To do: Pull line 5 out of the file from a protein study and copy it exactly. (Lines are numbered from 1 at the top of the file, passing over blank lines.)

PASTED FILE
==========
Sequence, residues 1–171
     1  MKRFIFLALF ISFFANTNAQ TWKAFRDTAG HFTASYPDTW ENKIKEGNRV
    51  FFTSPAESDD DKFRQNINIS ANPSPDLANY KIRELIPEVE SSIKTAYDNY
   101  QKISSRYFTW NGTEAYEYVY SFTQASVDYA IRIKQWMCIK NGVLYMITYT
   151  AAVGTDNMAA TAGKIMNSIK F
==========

   151  AAVGTDNMAA TAGKIMNSIK F